Librarians’ perspectives on the impact of COVID on teaching media education

by Igor Kanižaj, University of Zagreb, Croatia; Maria José Brites, Lusófona University, Portugal & Luis Pereira, City, University of London, UK

The Routledge  Handbook of Media Education Futures Post-Pandemic will be officially launched in September. Edited by Yonty Friesem, Usha Raman, Igor Kanižaj, and Grace Y. Choi, this publication includes a section about Librarians’ Perspectives from Croatia, Portugal and the UK – What is changing in teaching (digital) media education due to COVID-19 authored by Igor Kanižaj, Maria José Brites, and Luis Pereira.

This chapter describes the exploratory research on the challenges and opportunities for critical digital literacy in a teacher education programme during the COVID-19 pandemic in 2020.

Focusing the students on the MSc transformative learning and teaching, the authors, Igor Kanižaj (University of Zagreb, Croatia), Maria José Brites (Lusófona University, Portugal) and Luis Pereira (City, University of London – UK), worked on the following questions: (1) what is the role of critical digital literacy in teacher education? (2) what tools, spaces, places, and practices are required? and (3) how has the COVID-19 pandemic impacted pedagogical approaches? The analysis focuses on the student-produced materials, interviews with student and teacher educators, and a reflection on the pedagogical approach that the research draws on.

Based on an anonymous online semi-open questionnaire to research the attitudes and opinions of Croatian elementary and high school librarians (N=487), the authors concluded that the first precondition of digital education in times of the pandemic is digital – infrastructural connection stability, as experienced in Croatia, Portugal and the UK, and suggested by the research, with an urgent need for action in low-income areas and disadvantaged contexts. The research presents 22 competencies divided into six areas, following the DigCompEdu (2019) framework, intending to improve and innovate education and training.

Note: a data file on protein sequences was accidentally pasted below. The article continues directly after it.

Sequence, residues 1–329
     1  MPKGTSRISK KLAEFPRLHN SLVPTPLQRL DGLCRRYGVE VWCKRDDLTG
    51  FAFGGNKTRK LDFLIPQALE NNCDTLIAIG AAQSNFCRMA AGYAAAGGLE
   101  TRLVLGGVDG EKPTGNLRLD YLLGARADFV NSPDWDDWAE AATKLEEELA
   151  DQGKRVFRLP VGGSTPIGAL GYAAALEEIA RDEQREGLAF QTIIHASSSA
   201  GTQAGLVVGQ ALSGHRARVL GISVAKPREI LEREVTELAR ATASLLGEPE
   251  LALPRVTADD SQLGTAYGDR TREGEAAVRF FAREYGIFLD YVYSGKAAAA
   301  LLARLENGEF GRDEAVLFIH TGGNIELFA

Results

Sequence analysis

Furthermore, the pandemic has also affected the librarians’ perception of the importance of media literacy and media education. It has positively impacted the general usage of online platforms, although mostly without any strategy or systematic approach. An urgent need to digitalise their regular practices arose from the unforeseen circumstances caused by the COVID-19 pandemic. A significant change is recognised by librarians in the usage of online platforms/programmes in two different time periods: during the pandemic and before the pandemic.

Teachers and librarians had to learn mostly on their own and rely on their colleagues as the first help and support in online learning but also on Croatia’s Education and Teacher Training Agency (ETTA). However, this research shows that we must value initiatives like informal learning communities to find prompt and suitable solutions to the challenges that teachers face in their online activities.

Another relevant aspect is that, in a global context, the pandemic has put teachers’ and librarians’ ability to teach online centre-stage and has uncovered their need to gain more confidence in managing digital environments. Authors ask for more support and professional development programmes for librarians, especially more sustainable support from governmental institutions. This research furthermore suggests “that we should have a clear focus in resolving preconditions on how to actively engage learners while tackling the challenge of responsibility and engagement in the digital environment”.


Igor Kanižaj, Media Literacy Expert; Vice-President of Djeca Medija and Associate Professor, University of Zagreb, Croatia

Maria José Brites, Associate Professor, Lusófona University, Portugal

Luis Pereira, Senior Lecturer Educational Development, City, University of London, UK